So the difference between bi-weekly contributions and borrowing to invest is not insignificant. Of course, this holds interest rates and returns constant to make life simple, but you get the point.
Here is a Marginal Tax Rate Calculator

As for the second question:
Nothing is more valuable than great broker who spends their whole day doing research on companies that you should invest in. Because a mutual fund is "a basket of assets", the risk is lower than holding an individual stocks, and fund managers probably are the right people to be choosing what stocks to by in a given industry. I think they're great, but a broker is need to help pick the good ones.

I hope that was helpful and interesting!

Monday, February 12, 2007


Test day is Thursday. The first of two midterms. For the first time, I might get to see all 25 students in my class (well, maybe).

HERE IS THE NEWS: so far, now only days before the midterm, NOT ONE student has gone to tutorial. I am totally shocked. No one.

So, let's do an online poll. WHY has not one single student gone to tutorial? (a) I am so good at teaching this subject that my students can answer all the questions in the textbook just from hearing my talk? (b) They are smart enough to learn the material on their own? (c) They are calling me out? Asking to be failed? (d) They are just planning on sending me 5000 emails the night before the test?

Please answer now! Just do it. Humour me.

Sunday, February 11, 2007

Short-term pain for a long-term gain!

How do I save for the future? Here is my two cents on RRSPs.

For many Canadian (especially young Canadians), Registered Retirement Saving Plans (or RRSPs) something of a mystery; however, for the average lumberjack without a pension plan (and even for many with a company plan), RRSPs could help them find have that two scoops of raisins in retirement.

First some basic idea: RRSPs are financial investments (mainly stocks, bond, mutual funds) that you register with the government (most times through a banks, credit union or a broker). In exchange for promising to not withdrawal these investments until retirement, the government will kick you back the tax you paid on the income you invest (one notable exception is that first time home buyers can withdraw money from their RRSPs to purchase a home, as long as you pay it back later (see more here) ).

Here is the real kicker: what if you have no money to invest? Borrowing to invest in an RRSP is not a bad idea for some people. Why? Let's walk through an example: using the calculator . The assumptions given in the calculator are: you are at the 40% marginal tax rate (the percentage of tax on your last dollar earned in 2006), an investment return of expected to 8% (maybe high, but let's go with it), and you want to invest $1000 before MARCH 1st deadline. In addition, (here is really helpful part) it assumes you need to borrow to invest, and that you have to pay 6% interest on the money you borrow, and that you want to repay the money in 2 years or less. Lastly, you have to say when you want to retire: Our example assumes 10 year for now.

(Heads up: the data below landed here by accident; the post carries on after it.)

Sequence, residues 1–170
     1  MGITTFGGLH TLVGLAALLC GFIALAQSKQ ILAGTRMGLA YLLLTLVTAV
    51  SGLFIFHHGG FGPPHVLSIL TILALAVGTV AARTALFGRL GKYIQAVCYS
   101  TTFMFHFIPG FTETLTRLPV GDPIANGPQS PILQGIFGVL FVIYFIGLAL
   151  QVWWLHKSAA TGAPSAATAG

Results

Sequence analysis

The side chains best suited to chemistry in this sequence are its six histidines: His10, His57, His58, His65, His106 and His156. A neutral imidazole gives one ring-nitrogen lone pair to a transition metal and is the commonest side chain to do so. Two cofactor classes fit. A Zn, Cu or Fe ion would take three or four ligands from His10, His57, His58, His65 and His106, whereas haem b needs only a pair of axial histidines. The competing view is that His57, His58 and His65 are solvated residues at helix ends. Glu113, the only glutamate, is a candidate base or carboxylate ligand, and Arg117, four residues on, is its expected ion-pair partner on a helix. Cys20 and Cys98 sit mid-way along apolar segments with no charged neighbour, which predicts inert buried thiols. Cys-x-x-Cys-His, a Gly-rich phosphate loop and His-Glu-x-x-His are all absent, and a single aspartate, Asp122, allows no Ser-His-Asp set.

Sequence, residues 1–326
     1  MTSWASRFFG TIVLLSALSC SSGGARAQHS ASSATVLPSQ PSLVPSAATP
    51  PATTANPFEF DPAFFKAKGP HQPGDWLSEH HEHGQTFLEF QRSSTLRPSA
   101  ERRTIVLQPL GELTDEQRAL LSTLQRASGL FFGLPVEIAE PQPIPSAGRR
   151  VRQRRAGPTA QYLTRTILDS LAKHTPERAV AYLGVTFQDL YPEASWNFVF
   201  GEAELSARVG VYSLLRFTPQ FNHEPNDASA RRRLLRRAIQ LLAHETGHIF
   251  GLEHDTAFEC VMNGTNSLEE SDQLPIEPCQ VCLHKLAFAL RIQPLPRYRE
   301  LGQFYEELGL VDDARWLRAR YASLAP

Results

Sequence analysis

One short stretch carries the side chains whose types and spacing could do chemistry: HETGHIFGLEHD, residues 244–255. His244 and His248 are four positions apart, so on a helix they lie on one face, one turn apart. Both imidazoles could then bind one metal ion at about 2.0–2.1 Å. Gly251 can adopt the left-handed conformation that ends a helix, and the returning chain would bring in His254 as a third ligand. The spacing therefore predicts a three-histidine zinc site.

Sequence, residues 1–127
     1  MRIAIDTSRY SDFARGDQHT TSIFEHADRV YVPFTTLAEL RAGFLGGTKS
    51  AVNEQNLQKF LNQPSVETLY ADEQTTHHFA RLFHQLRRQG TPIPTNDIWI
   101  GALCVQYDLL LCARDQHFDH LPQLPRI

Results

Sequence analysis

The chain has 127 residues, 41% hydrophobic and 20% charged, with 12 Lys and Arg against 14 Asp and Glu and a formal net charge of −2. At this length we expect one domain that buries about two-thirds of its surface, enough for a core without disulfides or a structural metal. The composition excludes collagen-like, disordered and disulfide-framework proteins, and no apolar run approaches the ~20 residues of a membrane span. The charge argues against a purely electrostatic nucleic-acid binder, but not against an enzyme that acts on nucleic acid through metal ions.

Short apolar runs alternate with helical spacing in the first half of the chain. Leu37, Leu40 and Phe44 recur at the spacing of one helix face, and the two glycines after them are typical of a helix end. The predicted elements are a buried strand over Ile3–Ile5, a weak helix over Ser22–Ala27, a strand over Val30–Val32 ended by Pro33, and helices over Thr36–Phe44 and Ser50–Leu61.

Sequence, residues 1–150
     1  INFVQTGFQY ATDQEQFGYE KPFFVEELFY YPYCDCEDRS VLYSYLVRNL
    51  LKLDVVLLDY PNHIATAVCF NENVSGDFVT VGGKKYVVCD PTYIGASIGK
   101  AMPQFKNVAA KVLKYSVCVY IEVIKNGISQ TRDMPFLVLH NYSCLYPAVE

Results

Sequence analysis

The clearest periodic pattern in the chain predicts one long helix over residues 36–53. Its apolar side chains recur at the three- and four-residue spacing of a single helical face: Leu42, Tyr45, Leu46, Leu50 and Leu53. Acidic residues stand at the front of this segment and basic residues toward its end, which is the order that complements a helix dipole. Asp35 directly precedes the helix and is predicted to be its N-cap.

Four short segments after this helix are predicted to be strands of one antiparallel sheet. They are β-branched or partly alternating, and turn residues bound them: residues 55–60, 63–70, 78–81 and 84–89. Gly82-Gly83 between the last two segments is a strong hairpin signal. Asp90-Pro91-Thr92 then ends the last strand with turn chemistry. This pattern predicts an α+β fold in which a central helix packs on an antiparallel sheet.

THEN: Click on "VIEW REPORT". Given our assumptions, you can pay back the money in 15 months if you use your tax return to pay down the loan, and make payments of $44.31 per month. The interest paid on your loan is $31.34, but after 10 years your RRSP has grown to: $2159. Neat! Now, what if I want to use different assumptions like, assume, I am 30 years from retirement?

Ok, new example, make the following changes: 35% marginal tax rate, 7% cost of borrowing, and 30 years to retirement. Leave everything else the same. How does that change things? We get less of a tax refund (because our tax rate is lower) and we pay about $10 more in interest charges (with higher interest costs), but now that we have 30 years to invest. So, in this example, we turn our $1000 into just over $10,000, assuming an 8% annual return.

Boy, that is fun eh? Give it a try and show your friends! The message: starting young is important, even for lumberjacks like us.

Final note: RRSPs are not for everyone. To know if they are right for you, I know that your financial institution will be happy to give you some professional advice (although I will take questions and do my best to answer them). With that being said, here is some helpful links: Government of Canada RRSP website , how about a self directed RRSP , some definitions to help you.

Thursday, February 8, 2007

six dirty secrets or one naked economist

MadJennyFlint has throwin' down the gauntlet: asking the world of bloggers (or at least her readers) to list the top six weird or otherwise unknown things about themselves. MadJennyFlint, why have you done this to the world? Don't you think that things that happen in private, in the past or in a bar bathroom should stay there? Ok, well I will use my poor sense of discretion ...

In no particular order:
If I was left to my own devices, I might: only wear black t-shirts and jeans, eat mostly meat, never shave. Lucky for for me, peer pressure and being too lazy to cook all my own meals have kept me looking respectable (or at least most of the time). O'ya, the fear of a full fledged Tasya revolt will also keep all three things under raps. I am counting these as "things people did not know" 1 through 3.